Amplifier power ratings: WPC in isolation is meaningless , it’s current (amps) that matters.

If your speakers are demanding to drive you’ll need a suitably muscular amplifier to support them.

Don’t look only at the headline power figure - see what happens when the impedance drops to four ohms. If the number nearly doubles, then your amplifier has good high current delivery and will be capable of driving more demanding speakers.

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Some designers claim that paralleling multiple output devices to get higher output degrades the sound.  The original Dartzeel amps were based on the philosophy of minimizing output devices (only two were used per channel), but, demands from the market for more than 100 watt/channel made them abandon this philosophy. I don't know if there is any truth to this claim.  But, many years ago I heard two Rowland amps that were very similar in design, but one was rated at something like 50 watts and the other 200 watts per channel.  Both were used to drive somewhat challenging speakers (if I recall correctly, they were Maggies).  At the not extremely loud volume I heard the combinations, I actually preferred the lower powered amp and so did the owner of the store that demonstrated the amp/speaker combination.  Who knows what other factors might have been involved, but, in this case, the lower powered, and cheaper, amp prevailed.  

When coupled to high efficiency speakers, my favorite amps are almost always low-powered tube amps  I currently run a 5.5 watt per channel pushpull pentode amp.  My other amp is a parallel single ended amp that puts out a whopping 6.5 watts per channel   One of my all-time favorite amp is a pushpull triode amp that I think puts out 8 watts per channel, my other favorite is an output transformerless amp (giant four box affair for stereo) that puts out something like 30 watts per channel.  

@dunkin The most important thing is that the amp have good clean reproduction at a low power level like 1 Watt because even with your speakers that will be a common power level.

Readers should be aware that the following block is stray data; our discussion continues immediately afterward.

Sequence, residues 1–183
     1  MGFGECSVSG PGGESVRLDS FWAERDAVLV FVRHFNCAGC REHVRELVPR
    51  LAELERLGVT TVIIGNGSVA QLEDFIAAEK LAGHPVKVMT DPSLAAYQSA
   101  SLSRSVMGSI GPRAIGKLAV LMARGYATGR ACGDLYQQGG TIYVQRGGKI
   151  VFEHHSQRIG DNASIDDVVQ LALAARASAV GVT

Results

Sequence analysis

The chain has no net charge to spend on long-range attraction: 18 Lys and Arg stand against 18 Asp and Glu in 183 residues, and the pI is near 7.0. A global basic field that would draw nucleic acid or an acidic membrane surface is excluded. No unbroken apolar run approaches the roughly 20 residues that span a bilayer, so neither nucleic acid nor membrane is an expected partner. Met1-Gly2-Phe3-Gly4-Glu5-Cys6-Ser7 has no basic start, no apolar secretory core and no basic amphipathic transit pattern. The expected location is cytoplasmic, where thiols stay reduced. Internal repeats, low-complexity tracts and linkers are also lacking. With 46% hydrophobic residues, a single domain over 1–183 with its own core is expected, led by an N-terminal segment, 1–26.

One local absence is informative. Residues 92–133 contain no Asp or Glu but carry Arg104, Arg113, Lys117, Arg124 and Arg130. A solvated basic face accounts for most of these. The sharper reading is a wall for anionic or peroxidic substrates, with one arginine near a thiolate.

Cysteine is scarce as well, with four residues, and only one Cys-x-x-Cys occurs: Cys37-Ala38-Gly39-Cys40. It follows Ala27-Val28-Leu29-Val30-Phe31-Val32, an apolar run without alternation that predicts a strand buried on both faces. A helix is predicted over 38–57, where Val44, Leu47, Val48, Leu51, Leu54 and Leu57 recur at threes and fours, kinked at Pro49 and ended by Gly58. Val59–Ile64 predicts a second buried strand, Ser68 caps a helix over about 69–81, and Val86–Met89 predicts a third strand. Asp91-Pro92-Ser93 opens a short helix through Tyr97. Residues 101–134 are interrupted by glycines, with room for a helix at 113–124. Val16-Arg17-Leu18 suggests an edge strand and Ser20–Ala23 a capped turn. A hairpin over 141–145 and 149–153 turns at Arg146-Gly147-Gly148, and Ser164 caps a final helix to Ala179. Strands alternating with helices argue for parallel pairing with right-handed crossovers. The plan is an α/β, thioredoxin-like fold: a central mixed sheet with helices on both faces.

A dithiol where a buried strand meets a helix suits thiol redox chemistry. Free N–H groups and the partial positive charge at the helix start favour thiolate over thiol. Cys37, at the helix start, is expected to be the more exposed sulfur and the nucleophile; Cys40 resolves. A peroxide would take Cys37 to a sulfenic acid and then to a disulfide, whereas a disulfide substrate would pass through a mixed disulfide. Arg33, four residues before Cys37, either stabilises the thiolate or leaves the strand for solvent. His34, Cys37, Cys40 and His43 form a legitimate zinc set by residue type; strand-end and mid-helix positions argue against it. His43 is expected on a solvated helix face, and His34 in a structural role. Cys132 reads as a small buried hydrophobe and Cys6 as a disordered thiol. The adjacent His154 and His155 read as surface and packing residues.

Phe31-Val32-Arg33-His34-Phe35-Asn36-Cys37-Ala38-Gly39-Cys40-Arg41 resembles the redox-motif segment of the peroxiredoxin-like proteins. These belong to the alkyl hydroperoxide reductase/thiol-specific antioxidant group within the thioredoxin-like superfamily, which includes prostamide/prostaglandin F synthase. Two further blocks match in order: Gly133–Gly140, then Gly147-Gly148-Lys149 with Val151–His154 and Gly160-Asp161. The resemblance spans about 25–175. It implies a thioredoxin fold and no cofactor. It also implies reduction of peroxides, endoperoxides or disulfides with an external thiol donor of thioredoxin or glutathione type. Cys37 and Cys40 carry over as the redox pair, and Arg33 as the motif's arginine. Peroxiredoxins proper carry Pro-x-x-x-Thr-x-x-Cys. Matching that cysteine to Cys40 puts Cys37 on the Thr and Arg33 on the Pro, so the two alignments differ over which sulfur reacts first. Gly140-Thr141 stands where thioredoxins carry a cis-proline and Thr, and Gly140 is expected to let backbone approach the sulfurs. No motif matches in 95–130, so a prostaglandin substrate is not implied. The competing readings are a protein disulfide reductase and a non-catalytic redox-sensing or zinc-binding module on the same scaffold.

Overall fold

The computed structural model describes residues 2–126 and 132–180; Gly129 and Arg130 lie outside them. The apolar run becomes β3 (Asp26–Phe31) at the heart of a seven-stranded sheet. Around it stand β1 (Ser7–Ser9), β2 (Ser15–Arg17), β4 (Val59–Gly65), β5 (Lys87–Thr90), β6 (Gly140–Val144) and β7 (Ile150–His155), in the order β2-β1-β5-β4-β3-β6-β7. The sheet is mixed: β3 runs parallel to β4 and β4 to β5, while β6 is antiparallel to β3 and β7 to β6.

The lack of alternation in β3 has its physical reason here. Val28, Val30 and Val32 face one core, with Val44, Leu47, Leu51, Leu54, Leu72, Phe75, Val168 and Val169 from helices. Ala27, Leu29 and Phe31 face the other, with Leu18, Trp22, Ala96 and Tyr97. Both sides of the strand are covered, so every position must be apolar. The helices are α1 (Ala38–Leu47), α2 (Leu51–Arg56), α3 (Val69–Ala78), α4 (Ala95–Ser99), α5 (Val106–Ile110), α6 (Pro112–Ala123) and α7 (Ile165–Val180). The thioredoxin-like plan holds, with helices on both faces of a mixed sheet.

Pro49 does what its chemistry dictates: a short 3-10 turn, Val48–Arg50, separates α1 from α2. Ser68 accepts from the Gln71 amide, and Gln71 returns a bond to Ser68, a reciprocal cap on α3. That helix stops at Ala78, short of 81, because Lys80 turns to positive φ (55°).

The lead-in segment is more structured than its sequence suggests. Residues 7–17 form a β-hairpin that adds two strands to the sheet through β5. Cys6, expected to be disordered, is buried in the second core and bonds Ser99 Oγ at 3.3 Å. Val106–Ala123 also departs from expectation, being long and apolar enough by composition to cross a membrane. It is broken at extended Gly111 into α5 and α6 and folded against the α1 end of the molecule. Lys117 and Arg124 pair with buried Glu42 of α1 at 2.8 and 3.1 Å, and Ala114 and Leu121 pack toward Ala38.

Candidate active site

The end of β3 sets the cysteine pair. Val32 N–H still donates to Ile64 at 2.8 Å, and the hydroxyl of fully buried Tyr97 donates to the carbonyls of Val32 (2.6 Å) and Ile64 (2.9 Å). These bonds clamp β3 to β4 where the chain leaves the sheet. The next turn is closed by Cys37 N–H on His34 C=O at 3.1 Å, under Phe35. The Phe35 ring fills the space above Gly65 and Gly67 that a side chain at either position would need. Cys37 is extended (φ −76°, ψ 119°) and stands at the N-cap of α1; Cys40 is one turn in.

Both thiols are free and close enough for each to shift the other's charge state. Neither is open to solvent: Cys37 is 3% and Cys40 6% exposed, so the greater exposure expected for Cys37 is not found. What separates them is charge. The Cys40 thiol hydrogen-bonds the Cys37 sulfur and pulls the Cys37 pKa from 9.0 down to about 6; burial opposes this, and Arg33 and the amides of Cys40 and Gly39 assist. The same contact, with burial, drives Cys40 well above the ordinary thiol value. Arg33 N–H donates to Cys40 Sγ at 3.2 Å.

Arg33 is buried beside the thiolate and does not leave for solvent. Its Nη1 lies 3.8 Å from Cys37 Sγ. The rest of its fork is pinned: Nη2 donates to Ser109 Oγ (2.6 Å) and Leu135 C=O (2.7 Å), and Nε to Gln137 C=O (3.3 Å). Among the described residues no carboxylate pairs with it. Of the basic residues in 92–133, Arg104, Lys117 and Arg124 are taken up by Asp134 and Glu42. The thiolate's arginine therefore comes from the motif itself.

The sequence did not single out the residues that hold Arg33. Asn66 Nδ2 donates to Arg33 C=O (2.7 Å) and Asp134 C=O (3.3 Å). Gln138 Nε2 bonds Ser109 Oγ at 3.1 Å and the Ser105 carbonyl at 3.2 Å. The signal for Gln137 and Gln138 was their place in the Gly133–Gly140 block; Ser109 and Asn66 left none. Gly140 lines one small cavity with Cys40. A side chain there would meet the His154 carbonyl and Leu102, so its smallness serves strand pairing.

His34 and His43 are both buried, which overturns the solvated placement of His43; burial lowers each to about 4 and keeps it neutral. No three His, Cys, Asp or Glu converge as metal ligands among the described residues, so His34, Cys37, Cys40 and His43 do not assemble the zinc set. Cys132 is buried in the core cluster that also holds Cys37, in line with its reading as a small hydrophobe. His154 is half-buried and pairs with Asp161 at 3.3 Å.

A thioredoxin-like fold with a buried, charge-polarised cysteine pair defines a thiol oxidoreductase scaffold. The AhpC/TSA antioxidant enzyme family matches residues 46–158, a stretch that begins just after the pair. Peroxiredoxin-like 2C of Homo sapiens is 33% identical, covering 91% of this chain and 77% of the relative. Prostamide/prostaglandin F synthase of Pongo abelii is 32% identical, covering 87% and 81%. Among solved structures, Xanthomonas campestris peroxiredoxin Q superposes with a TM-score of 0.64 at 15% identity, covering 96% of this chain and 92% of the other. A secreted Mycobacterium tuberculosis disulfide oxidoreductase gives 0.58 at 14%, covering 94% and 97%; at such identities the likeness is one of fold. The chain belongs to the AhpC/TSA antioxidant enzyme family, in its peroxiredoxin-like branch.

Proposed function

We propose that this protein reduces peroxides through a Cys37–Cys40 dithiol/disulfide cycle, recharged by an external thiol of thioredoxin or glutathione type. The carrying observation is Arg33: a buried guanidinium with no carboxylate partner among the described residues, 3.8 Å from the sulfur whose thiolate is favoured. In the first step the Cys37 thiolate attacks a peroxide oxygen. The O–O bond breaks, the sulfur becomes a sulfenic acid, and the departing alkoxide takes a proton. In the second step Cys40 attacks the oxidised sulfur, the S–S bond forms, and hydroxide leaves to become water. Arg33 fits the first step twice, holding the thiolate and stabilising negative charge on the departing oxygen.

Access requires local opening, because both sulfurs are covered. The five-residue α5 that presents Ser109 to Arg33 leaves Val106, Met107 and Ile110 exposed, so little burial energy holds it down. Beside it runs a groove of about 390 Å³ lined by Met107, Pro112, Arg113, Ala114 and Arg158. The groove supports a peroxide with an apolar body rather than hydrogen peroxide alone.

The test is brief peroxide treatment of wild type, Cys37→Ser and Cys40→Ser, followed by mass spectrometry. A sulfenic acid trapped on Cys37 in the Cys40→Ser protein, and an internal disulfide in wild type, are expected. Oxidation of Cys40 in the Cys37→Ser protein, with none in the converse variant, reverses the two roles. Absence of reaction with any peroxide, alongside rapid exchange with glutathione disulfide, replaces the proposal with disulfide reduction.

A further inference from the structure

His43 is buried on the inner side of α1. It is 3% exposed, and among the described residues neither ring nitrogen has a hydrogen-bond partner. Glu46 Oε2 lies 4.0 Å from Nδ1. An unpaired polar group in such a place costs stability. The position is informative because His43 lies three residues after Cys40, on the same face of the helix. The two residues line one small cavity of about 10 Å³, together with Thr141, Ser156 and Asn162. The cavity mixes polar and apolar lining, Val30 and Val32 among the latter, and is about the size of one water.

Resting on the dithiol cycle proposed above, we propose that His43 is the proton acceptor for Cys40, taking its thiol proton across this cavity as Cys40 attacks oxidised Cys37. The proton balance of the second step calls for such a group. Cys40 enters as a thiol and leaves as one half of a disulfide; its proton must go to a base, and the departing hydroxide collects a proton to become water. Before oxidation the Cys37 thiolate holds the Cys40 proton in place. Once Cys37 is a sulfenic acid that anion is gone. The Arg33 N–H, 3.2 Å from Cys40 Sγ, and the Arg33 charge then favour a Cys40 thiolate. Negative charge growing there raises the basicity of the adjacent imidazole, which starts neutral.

The class of operation, the amount of power isn't important as long as the amp is musical and plays nice with your speakers. As a general rule of thumb its not a bad idea to have a bit more power than the speaker needs so you'll always have headroom. So if the speaker's max is 70 Watts a 100 Watt amp is a good power level.


You can convert RMS wattage ratings to current (amperage) easily enough but that isn't the entire story wrt the quality of the power supply, which is important in supplying short term peak power without distress.  Making sure to have sufficient peak power for dynamic musical passages is probably why Ralph recommends exceeding the speaker's rated wattage.  However, I don't always trust those "ratings", which is why the SPL calculator I posted can be useful to evaluate power needs for your specific speakers and room.

Good point on doubling power into lower impedance loads but those numbers get played with by manufacturers too.  Take an amp rated at 200wpc @ 8 ohms and 400wpc @ 4ohms, does that amp really double into 4ohms, or is it actually a 250wpc amp that provides 400wpc into 4ohms?  Does it really matter?  Simply purchase an amp that is large/powerful enough to drive your speakers to the levels you want to listen on the music you like to play.

When I think about "quality watts" as discussed here, I am reminded of the Lamm 1.2 Reference amps that I owned.   Those Class A hybrid amps were rated at only 110/220wpc into 8/4ohms, when set to their high impedance setting, and the same wattage rating into 4/2ohms when set to their low impedance setting.  My speakers dip to just below 4ohms at certain frequencies and those amps definitely sounded better at the low impedance setting in my system.  They were not powerful enough to convincingly drive my speakers to the SPLs I wanted to hear but, within the volume levels they provided, there seemed to be no loss of dynamics or tonal color.  IOW, they sounded really good, but simply ran out of steam at a certain volume level.  I have never heard another amp respond like that in an underpowered situation.  Most I have heard begin to sound stressed and thin well before their limit.